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Figure 2. Growing degree accumulations for 8-15 May, 2022 for three cities in Michigan. Data provided by Dr. Andresen, MSU.

We have accumulated 398GDD base 42 and 213GDD base 50 for the NWMHRC. With the recent heat, we have surpassed our base 50 accumulation average, which was 173.5GDD compared to the 2022 accumulations of 213GDD. Our accumulations average for base 42 is 381.2GDD.

Our region has had very little rain thus far in May, and conditions are extremely dry. Based on the upcoming forecast, there is a chance of rainfall tomorrow 18 May and again on Friday, 20 May. However, the chance of rain decreases further north than in the southern part of the state where most of the rain will fall; the north is forecasted to receive a quarter to less than a half inch of rain. Southern Michigan is predicted to have a more gradual, longer lasting rain than the very scattered chances in the north. Rain is predicted to begin in the western part of the state tomorrow (18 May) and move across the state through the day and end in the evening. Thursday is predicted to be warmer than today or tomorrow, and rain may move back into Michigan again on Friday (20 May). Friday will be the warmest day of the week. Rain may persist into Saturday morning with possible scattered showers. Cool and dry and partly sunny in the north.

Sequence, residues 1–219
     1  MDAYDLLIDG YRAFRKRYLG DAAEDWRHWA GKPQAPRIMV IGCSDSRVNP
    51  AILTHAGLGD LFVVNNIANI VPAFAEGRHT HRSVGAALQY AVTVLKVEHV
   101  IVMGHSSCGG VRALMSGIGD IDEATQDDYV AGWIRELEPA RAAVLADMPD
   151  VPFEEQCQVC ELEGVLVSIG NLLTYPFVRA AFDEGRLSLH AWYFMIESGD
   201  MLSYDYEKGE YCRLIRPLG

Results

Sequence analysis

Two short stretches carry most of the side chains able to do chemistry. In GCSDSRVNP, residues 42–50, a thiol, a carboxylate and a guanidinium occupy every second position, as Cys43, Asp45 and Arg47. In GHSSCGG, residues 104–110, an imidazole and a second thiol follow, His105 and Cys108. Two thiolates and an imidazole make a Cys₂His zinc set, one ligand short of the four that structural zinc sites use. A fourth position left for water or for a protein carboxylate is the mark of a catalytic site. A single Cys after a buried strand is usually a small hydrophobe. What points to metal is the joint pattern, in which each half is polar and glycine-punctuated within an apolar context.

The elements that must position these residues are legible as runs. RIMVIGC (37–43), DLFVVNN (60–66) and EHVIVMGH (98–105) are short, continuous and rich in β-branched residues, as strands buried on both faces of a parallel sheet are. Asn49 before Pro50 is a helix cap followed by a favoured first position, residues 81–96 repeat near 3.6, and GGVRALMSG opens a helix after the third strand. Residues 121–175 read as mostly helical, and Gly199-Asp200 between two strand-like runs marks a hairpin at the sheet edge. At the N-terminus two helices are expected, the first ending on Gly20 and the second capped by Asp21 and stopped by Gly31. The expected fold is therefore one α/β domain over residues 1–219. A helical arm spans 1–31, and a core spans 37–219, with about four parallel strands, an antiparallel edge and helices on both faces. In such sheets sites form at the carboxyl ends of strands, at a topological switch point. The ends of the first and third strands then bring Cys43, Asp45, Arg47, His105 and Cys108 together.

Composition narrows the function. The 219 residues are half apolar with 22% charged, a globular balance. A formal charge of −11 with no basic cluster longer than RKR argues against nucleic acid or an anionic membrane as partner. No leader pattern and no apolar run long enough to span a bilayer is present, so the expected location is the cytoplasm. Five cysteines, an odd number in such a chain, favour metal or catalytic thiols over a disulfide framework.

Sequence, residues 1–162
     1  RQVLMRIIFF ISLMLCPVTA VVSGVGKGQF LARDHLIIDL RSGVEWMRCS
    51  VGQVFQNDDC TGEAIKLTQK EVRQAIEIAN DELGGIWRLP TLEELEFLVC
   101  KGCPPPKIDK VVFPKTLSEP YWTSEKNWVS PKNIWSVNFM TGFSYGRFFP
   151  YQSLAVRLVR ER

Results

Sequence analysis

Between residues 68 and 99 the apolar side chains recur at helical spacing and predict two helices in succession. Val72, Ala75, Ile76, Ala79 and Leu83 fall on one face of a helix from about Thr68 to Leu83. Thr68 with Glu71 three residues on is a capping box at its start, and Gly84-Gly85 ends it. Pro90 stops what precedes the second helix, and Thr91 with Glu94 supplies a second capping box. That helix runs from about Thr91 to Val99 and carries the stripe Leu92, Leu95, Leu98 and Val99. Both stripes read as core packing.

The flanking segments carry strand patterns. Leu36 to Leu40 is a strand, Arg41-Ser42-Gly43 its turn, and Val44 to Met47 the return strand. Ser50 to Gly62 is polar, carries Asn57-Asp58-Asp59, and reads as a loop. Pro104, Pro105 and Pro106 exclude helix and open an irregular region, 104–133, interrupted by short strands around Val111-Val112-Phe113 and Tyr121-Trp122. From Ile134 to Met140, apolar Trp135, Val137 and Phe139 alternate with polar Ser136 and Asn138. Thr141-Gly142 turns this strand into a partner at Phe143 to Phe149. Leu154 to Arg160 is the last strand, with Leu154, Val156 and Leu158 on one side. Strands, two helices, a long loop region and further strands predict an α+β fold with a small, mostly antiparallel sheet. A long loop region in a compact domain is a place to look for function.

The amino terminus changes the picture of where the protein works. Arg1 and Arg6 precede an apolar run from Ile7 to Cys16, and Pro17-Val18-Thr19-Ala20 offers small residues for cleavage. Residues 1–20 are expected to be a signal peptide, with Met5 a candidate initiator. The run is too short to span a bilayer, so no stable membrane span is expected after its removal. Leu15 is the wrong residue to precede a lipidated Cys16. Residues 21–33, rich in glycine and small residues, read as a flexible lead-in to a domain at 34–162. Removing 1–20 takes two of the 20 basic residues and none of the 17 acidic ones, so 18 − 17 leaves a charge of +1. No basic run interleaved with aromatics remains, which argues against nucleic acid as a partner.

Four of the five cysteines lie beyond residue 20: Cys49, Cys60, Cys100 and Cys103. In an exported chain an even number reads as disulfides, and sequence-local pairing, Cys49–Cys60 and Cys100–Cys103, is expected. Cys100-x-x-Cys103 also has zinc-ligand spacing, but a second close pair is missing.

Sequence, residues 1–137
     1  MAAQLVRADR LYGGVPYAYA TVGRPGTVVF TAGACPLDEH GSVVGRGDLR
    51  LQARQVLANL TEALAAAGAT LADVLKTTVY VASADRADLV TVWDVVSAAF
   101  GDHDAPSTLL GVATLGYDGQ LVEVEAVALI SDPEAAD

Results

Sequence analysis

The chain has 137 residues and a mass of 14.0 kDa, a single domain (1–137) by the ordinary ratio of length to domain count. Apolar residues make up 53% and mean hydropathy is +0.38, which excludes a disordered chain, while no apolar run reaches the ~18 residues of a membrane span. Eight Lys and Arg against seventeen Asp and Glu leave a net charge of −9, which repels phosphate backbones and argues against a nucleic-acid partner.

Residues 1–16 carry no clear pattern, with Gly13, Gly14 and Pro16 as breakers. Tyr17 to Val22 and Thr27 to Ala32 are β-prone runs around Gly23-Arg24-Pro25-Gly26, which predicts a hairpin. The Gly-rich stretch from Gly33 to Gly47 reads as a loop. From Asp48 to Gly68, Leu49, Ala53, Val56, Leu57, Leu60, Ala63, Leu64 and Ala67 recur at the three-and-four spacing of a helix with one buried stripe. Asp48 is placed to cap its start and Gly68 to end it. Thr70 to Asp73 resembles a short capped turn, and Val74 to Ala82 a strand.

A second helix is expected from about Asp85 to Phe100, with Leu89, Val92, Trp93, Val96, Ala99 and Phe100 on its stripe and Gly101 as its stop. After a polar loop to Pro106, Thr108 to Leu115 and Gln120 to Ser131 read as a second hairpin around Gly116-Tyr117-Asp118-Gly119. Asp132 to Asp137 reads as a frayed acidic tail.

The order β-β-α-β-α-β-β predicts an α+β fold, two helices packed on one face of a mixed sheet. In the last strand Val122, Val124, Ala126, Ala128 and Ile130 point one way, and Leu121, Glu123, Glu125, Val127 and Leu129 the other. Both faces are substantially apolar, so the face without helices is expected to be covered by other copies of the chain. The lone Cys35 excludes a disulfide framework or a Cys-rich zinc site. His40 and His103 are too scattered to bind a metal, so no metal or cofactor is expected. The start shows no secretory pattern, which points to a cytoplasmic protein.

Crop report

The hot weather moved crop development along super quickly last week. With the cooler weather moving back into the region, development will slow, and unopen blossoms will open slowly rather than the ‘open before your eyes’ pace we saw last week. Looking back our growth stage observations last week were remarkable (Figure 3). In sweet cherry, we were in green tip in Ulster on 2 May, and by Friday 13 May at noon, we were at full bloom. We were trying to count blossoms for a sweet cherry thinning trial, and the task became increasingly more difficult as each hour went by on the afternoon of 11 May. As of yesterday morning, 16 May, we were at petal fall in all sweet cherry varieties. We saw a similar situation in apple, where Gala and Honeycrisp were in green tip to half inch green on 2 May, and we observed open bloom by 13 May, Friday at 4 p.m.